• Review all your current medications with your healthcare provider to ensure that they are not contributing to your PVCs. 
  • If PVCs are frequent or bothersome, a referral to a cardiologist for further evaluation and management might be beneficial. 
  • Practices like mindfulness and relaxation techniques can help calm the nervous system and may reduce the frequency of PVCs. 


While Lexapro is not commonly associated with PVCs, patients need to be vigilant and monitor for any potential cardiac symptoms. Timely medical evaluation and appropriate management may help reduce risks and ensure that you receive the most suitable and safe treatment for your mental health conditions.

As with any medication, the benefits of Lexapro should be weighed against the potential risks, and decisions should be made collaboratively between you and your healthcare provider. 

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Farzam K, Richards JR. Premature Ventricular Contraction. [Updated 2023 Aug 8]. In: StatPearls [Internet]. Treasure Island (FL): StatPearls Publishing; 2023 Jan-. Available from:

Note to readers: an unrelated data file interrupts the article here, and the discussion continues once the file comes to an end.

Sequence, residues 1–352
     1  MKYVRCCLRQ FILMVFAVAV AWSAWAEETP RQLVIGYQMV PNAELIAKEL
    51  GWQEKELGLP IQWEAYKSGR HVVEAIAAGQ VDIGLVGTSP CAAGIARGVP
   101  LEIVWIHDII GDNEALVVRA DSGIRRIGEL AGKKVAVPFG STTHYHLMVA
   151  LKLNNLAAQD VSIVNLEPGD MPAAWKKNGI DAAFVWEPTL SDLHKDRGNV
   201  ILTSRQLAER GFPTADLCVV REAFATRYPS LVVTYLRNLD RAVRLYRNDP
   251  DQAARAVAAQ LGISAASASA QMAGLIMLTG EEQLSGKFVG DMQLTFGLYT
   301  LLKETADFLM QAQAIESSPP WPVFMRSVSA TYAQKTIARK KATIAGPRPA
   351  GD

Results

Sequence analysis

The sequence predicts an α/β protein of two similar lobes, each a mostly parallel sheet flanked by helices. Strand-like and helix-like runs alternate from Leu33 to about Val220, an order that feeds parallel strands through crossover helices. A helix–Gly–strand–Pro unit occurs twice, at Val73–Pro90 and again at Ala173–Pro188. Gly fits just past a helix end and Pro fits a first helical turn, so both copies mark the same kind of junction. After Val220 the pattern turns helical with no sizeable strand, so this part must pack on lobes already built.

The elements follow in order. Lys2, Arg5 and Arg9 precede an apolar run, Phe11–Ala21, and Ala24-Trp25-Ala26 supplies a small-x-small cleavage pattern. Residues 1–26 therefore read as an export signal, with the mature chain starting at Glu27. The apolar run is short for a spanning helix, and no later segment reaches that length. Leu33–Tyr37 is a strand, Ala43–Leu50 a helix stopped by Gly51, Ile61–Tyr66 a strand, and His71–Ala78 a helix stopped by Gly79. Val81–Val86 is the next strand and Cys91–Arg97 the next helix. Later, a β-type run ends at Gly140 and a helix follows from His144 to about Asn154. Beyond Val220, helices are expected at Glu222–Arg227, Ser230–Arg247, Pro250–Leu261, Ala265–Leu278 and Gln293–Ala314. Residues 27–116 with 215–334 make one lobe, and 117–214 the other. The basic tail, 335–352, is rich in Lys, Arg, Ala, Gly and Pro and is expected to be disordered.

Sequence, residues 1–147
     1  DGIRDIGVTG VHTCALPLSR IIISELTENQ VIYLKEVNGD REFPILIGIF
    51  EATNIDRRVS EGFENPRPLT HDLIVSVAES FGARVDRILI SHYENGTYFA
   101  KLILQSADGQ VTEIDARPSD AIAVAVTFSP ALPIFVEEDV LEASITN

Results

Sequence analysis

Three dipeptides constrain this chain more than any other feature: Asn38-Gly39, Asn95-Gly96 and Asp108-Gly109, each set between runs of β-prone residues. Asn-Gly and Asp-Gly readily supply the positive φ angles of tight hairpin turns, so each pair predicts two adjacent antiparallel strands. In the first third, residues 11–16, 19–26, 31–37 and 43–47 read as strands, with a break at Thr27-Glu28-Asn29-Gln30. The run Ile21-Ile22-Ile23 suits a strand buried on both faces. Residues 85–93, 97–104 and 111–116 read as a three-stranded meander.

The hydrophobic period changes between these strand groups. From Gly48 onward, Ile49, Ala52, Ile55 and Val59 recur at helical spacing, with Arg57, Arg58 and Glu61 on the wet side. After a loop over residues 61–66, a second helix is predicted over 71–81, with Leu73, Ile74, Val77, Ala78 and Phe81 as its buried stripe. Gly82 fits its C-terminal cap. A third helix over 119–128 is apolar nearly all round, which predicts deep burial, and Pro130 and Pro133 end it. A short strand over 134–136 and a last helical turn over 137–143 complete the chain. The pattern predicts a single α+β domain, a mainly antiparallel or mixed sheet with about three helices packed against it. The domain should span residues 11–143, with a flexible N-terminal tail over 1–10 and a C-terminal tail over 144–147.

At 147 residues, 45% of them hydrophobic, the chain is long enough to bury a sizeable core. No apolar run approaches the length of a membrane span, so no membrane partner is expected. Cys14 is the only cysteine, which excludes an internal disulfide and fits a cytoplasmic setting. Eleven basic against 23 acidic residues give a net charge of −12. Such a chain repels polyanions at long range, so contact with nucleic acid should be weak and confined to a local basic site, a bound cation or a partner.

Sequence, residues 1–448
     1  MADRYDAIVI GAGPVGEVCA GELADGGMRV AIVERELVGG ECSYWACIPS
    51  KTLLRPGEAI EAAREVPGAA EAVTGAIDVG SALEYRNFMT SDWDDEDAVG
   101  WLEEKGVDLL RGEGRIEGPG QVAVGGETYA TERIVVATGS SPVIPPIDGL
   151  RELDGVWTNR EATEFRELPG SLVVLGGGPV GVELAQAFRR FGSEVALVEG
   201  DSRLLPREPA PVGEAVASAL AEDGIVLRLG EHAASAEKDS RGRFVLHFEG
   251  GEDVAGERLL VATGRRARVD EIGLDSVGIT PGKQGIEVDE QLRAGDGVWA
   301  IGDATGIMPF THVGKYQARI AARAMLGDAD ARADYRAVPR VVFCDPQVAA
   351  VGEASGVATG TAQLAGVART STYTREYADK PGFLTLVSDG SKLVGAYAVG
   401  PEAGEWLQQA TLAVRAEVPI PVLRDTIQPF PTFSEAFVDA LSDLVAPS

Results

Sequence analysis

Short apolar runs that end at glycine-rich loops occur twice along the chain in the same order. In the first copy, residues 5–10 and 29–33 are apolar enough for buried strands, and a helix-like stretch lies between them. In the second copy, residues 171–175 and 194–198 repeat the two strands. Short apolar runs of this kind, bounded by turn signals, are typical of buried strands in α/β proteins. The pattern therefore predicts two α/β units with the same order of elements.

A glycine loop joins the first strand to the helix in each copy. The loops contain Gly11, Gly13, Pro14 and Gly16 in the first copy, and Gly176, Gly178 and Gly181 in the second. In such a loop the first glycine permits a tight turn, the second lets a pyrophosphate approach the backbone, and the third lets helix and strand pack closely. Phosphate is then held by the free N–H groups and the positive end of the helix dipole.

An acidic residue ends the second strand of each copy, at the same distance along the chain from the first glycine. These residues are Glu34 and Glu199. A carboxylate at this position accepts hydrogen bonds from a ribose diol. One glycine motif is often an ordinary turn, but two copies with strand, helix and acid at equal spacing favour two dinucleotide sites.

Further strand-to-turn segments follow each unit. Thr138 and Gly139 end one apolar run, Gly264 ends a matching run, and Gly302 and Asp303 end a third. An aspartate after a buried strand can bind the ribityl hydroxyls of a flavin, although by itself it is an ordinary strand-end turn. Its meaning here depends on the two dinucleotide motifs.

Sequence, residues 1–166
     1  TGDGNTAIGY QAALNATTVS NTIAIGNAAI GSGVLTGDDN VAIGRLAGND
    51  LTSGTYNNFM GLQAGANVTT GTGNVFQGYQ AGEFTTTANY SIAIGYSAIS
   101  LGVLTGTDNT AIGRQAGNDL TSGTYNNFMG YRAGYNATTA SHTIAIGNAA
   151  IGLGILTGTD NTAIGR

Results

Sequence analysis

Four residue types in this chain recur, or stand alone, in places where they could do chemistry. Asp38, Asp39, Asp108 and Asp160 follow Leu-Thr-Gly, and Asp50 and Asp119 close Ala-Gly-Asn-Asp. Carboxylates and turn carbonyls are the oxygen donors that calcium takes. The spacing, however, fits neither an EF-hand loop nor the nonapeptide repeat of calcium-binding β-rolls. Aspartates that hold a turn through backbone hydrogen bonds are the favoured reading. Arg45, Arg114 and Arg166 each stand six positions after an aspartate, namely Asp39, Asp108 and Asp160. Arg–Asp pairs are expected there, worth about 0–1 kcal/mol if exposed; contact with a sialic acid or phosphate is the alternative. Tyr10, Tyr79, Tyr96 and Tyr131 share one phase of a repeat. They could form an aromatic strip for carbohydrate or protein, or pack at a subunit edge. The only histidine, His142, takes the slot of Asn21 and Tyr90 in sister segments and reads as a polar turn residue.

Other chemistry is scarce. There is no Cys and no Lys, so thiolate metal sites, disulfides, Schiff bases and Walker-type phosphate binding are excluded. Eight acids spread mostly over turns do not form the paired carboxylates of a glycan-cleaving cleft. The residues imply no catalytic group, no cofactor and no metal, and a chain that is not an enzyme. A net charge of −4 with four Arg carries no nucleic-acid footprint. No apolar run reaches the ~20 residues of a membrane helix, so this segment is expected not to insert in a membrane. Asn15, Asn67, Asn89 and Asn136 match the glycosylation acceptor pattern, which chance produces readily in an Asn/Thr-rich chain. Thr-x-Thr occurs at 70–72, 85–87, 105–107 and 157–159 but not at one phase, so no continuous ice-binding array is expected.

Landy K, Rosani A, Estevez R. Escitalopram. [Updated 2023 Jan 28]. In: StatPearls [Internet]. Treasure Island (FL): StatPearls Publishing; 2023 Jan-. Available from:


Qirjazi E, McArthur E, Nash DM, Dixon SN, Weir MA, Vasudev A, Jandoc R, Gula LJ, Oliver MJ, Wald R, Garg AX. Risk of Ventricular Arrhythmia with Citalopram and Escitalopram: A Population-Based Study. PLoS One. 2016 Aug 11;11(8):e0160768. doi: 10.1371/journal.pone.0160768. PMID: 27513855; PMCID: PMC4981428.


Aakjær, M, Werther, SK, De Bruin, ML, Andersen, M. Serious arrhythmia in initiators of citalopram, escitalopram, and other selective serotonin reuptake inhibitors: A population-based cohort study in older adults. Clin Transl Sci. 2022; 15: 2105-2115. doi:10.1111/cts.13319